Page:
Although Wilson Chandler, Danilo Gallinari, Toney Douglas and Landry Fields have all since been traded, Stoudemire showed each of them, firsthand, what it meant to be a leader and a true professional.
For Knicks fans, he reminded them of what it felt like to have a superstar worthy of emotionally investing in.
With ferocious athleticism and a tireless work ethic that saw him go from an erratic jump shooter to an automatic midrange shot maker, Stoudemire became a household name across the NBA. After signing with the Knicks and being handed the keys to the franchise, he admirably led his troops over the season’s first 53 games and closed out the first two months of the 2010-11 season having emerged in the MVP conversation.
Under those circumstances, it would have been easy for any NBA superstar to publicly groan or complain or otherwise announce discontent when Anthony eventually became a Knick back in February 2011.
Upon arrival, Anthony became the focal point of the franchise and its long-term strategy for building a contender. That decision was easy enough to understand since Anthony is the superior player.
That Stoudemire so willingly stepped aside, though, was almost remarkable. Perhaps an omen, in Anthony’s very first game as a Knick, he attempted 25 shots to Stoudemire’s 13. And as his touches and opportunities decreased, Stoudemire’s demeanor and message was always the same.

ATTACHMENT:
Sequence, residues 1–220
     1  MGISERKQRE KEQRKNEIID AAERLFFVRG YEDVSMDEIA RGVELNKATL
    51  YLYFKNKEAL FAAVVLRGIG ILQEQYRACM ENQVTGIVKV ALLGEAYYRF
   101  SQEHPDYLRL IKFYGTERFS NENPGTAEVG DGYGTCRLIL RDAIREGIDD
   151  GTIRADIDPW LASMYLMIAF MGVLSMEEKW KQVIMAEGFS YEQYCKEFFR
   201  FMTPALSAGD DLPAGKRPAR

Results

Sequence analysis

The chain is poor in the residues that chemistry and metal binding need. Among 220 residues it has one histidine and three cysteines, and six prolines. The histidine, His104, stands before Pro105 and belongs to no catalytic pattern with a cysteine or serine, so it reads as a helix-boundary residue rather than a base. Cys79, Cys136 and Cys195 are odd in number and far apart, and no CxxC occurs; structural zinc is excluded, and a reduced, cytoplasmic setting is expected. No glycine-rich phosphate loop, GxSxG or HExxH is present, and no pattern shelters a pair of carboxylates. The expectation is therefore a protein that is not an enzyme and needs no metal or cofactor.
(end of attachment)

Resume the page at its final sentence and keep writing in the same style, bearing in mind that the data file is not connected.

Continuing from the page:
There is no “I” in “team.”
Instead, Stoudemire, ever the leader, humbly stepped aside and allowed Anthony to ascend as the team’s franchise. One thing and one thing only concerned him, and that was winning.
NBA players and big egos go together like hot dogs and ketchup. Often, players who do not even come close to fulfilling lofty expectations thrust upon them or otherwise accomplish feats worthy of universal reverence develop an aura of entitlement that is befuddling.
But through it all, Stoudemire has been the antithesis.
As a player, Stoudemire was and is greatly flawed. Defensively, he is mediocre, at best. His rebounding, though not as inept as many believe, could be better.
He has undergone three knee surgeries over the past 12 months and, at this point, seems to be more of a distraction than a vital cog to the machine that churns the Knicks’ championship aspirations.
Yet still, through it all, Stoudemire has remained upbeat.
He listens to his doctors, he rehabs to the best of his ability, he smiles, chuckles and shakes hands with any and everyone who extends theirs toward him.
In one word, he is a professional, and in a league that has its fair share of prima donnas, he is a player that is worth rooting for.
It is just unfortunate that he will never be the same.